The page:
Bob Arum can’t quite pinpoint what went wrong for Josh Taylor on Saturday night in Glasgow.

Maybe, as Taylor indicated, he applied too much pressure on himself while preparing for a huge event in his home country. Perhaps, too, Jack Catterall was better than even Taylor, who touted Catterall’s skills before their fight, expected during their 12-round, 140-pound title fight at The OVO Hydro.

Regardless, the Scottish star’s promoter didn’t recognize the version of Taylor that Catterall dropped during the eighth round and pushed during much of their fight for Taylor’s IBF, WBA, WBC and WBO championships.

“He was terrible,” Arum told “It’s the worst I’ve seen him perform, and I’ve watched most of his fights over the last couple of years. He certainly didn’t look like the guy who beat Ramirez.”

The 31-year-old Taylor certainly was sharper when he dropped Jose Ramirez twice, once apiece in the sixth and seventh rounds, on his way to winning a 12-round majority decision and becoming boxing’s fully unified 140-pound champion May 22 at Virgin Hotels Las Vegas. Their back-and-forth fight was close on the cards as well – so competitive that it would’ve been a draw without those two knockdowns for Taylor (114-112, 114-112, 114-112).

England’s Catterall, also a southpaw, got off to a strong start and prevented Taylor from getting into a rhythm. Catterall was hard to hit during the first half of their bout, when he was the more active, accurate boxer, but too much holding eventually cost him a point during the 10th round and he faded during the final few rounds.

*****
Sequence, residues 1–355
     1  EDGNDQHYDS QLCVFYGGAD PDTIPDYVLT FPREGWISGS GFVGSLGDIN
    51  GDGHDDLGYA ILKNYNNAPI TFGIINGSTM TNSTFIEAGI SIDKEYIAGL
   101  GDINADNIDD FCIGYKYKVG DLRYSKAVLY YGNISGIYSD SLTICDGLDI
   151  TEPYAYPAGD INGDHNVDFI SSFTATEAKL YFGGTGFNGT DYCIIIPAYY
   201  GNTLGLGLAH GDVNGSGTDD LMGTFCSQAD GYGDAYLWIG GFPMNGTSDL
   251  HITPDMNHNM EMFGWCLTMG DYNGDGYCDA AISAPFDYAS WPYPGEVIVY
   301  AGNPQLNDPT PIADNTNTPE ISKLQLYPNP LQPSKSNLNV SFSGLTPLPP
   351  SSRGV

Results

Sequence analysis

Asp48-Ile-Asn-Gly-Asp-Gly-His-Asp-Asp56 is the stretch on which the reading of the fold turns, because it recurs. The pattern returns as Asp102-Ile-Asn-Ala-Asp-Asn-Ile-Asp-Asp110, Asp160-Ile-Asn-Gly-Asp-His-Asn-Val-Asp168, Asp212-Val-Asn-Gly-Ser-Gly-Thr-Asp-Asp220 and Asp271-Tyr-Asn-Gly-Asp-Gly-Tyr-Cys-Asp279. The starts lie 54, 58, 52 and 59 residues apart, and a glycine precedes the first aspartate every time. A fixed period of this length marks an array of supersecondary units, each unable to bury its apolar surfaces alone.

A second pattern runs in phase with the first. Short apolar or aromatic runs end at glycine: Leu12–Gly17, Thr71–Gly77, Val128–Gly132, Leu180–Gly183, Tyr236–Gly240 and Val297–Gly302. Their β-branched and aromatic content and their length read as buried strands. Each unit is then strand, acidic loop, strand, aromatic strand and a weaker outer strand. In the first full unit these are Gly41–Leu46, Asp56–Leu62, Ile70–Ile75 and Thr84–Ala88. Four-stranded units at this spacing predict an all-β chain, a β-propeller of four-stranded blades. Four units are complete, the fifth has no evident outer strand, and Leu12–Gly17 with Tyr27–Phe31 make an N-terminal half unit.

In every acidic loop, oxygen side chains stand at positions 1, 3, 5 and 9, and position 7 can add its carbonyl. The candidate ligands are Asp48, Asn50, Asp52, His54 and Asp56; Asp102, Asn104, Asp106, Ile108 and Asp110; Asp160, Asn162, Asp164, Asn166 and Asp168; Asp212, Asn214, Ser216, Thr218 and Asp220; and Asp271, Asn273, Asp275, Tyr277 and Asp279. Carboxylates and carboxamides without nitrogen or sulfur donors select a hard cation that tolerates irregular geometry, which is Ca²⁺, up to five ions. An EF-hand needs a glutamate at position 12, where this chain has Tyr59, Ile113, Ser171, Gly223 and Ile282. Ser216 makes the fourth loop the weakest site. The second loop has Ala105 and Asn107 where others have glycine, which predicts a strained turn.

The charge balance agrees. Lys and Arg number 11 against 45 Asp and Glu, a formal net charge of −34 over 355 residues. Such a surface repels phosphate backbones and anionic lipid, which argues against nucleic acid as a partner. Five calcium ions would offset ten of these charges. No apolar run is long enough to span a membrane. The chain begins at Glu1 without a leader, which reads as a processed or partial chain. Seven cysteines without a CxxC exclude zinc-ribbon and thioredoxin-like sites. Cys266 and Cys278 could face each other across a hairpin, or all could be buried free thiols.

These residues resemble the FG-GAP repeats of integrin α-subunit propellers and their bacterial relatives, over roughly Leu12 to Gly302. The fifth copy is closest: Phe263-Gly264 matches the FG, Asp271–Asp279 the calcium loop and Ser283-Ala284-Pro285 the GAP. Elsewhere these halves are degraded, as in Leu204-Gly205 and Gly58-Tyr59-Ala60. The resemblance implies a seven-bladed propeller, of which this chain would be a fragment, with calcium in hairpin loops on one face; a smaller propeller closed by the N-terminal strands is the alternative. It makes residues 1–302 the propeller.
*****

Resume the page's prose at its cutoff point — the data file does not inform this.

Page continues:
Taylor (19-0, 13 KOs) won on the cards of two judges – England’s Ian John-Lewis (114-111) and Scotland’s Victor Loughlin (113-112), who scored eight and seven rounds, respectively, for the defending champion. Another judge from England, Howard Foster, scored their fight 113-112 for Catterall (26-1, 13 KOs).

CompuBox counted 47 more punches landed for Catterall (120-of-525 to 73-of-306), who unofficially connected on more power shots (81-of-267 to 57-of-179) and more jabs (39-of-258 to 16-of-127).

Arum, whose company obviously has a vested interest in Taylor, doesn’t view Taylor’s narrow win as controversial.

“I don’t think it was a very good fight,” Arum said. “I don’t know what people are talking about. I had Taylor winning by maybe a couple points.”

The 90-year-old Arum isn’t convinced, either, that the 5-foot-10 Taylor needs to move up from the 140-pound limit to the welterweight division for his next fight.

“I talked to him [Monday],” Arum said. “We’re gonna evaluate him with a nutritionist and determine what he should do. So, again, emotionally he said [he must move up]. And he said he had a nutritionist for this fight, but who knows how qualified the nutritionist was? And we’ll get into that in the weeks ahead.”

Keith Idec is a senior writer/columnist for He can be reached on Twitter @Idecboxing.